Oooh yes I like the idea of starting with how you want to look! I think the tips above about collecting some pictures may help with that but it would definitely be useful with a personal shopper or the LW if she wants to help her mom that way. I’m really short, and was often thought to be much younger than I was as a kid (/sometimes still am). My mom spent A LOT of time teaching me how to dress/style myself to look more grown up and what types of clothing worked for me. As an adult I’m really thankful she did this. Both because I like fashion and it’s nice to know how to “wield” it, and because unfortunately society cares a lot about image so knowing how to project a certain image can be helpful :/ Anyway I think this type of shopping day of just trying on a bunch of things and learning what looks/feels good to her would be great for the LW’s mom, whether that is a personal shopper or something the LW feels comfortable doing.

    • Mkitty said:

      Absolutely yes to using department store professionals to help. They know what they have and spend a lot of time helping people figure out what will work best for them. I love it when I get that kind of help Inc a store.

      Also, when I’ve gone shopping with my fashion-helpless best friend who invariably picks out clothes that do nothing for her, I found that framing my comments around how the clothing brings out – or not – her best features was a very good way to talk about her choices. So, instead of “that dress is awful,” go with “I don’t think that dress has enough structure to show off your hourglass figure. Let’s try something with more structure.” Or “the color of this blouse doesn’t do anything to show off your lovely skin color, how about this one instead?”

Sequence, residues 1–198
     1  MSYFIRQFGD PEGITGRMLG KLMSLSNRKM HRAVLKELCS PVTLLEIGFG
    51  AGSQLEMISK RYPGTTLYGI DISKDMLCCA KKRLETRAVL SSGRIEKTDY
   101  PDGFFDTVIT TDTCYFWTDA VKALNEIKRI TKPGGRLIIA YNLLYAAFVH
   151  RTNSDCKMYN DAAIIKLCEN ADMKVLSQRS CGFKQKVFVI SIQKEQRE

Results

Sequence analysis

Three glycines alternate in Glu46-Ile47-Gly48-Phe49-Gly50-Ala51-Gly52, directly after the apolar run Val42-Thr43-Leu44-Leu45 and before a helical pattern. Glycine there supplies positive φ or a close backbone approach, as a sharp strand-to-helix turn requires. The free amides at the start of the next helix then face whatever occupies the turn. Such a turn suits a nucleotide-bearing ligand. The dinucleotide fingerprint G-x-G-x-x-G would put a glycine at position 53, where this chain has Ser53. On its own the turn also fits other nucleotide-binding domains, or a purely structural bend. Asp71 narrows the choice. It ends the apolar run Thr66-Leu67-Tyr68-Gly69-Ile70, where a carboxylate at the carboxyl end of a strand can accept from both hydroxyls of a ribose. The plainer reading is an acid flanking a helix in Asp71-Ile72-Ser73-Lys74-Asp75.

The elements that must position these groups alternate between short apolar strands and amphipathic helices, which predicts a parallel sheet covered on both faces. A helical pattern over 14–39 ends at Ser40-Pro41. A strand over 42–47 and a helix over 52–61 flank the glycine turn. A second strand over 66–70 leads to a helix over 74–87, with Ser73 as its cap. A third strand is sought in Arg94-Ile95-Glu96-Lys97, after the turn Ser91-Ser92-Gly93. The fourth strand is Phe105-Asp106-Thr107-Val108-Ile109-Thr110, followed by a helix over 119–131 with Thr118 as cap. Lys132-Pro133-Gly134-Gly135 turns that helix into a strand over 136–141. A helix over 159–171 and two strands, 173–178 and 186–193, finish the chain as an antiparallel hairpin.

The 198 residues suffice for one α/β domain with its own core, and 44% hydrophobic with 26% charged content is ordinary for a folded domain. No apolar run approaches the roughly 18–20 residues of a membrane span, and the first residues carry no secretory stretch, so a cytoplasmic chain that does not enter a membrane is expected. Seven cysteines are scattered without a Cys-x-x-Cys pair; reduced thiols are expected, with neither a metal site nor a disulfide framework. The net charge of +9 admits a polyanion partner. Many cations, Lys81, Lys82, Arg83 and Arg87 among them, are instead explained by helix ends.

In other words, the issue isn’t her taste or her body or her looks, it’s the particular piece of clothing that that’s at fault (because it is!).

      • TootsNYC said:

        Also remember: It is ALWAYS the clothes’ fault, never your body’s.

        The pants aren’t the right shape for you. The collar isn’t the right proportion.

        • Renita said:

          As someone who’s struggled with shopping, clothes, and my own body issues over the years, this is always a helpful reminder to myself — there are plenty of clothes out there that look great on me! And if something doesn’t, it’s not that my body is wrong, it’s that the clothes are.

      • gin_undermyskin said:

        “So, instead of “that dress is awful,” go with “I don’t think that dress has enough structure to show off your hourglass figure. Let’s try something with more structure.” Or “the color of this blouse doesn’t do anything to show off your lovely skin color, how about this one instead?”

        YES. As someone who struggles with fashion so much that I dug into my savings to hire a personal shopper, I cannot state enough how important it is to suggest something rather than just saying something doesn’t look good. The reason why I struggle with fashion is because, at present at least, I have trouble visualising what will look good on my body so I have trouble choosing things out of the massive, MASSIVE number of different clothes out there. So if I approached someone in my life and said “I want to look good, can you help me?” as it sounds like LW’s mum is doing, their advice would really need to focus on what WILL look good, rather than just what’s wrong with what I’ve picked out.

      • eikaron said:

        Thirding “it’s the clothes, not you”! When I go shopping with anyone and am asked for my opinion I stick to things like “I (don’t) think this is really your colour” or “This particular cut (doesn’t) work(s) very well for you” or “I think this would really suit you and bring out [whatever], want to try it on?” and it tends to be well received. The CLOTHES aren’t right for you, personally (whatever right means in this context) not the other way round. It takes the focus off your age/size/body type or whatever – this particular piece and you simply weren’t a good fit, that’s all. Moving on.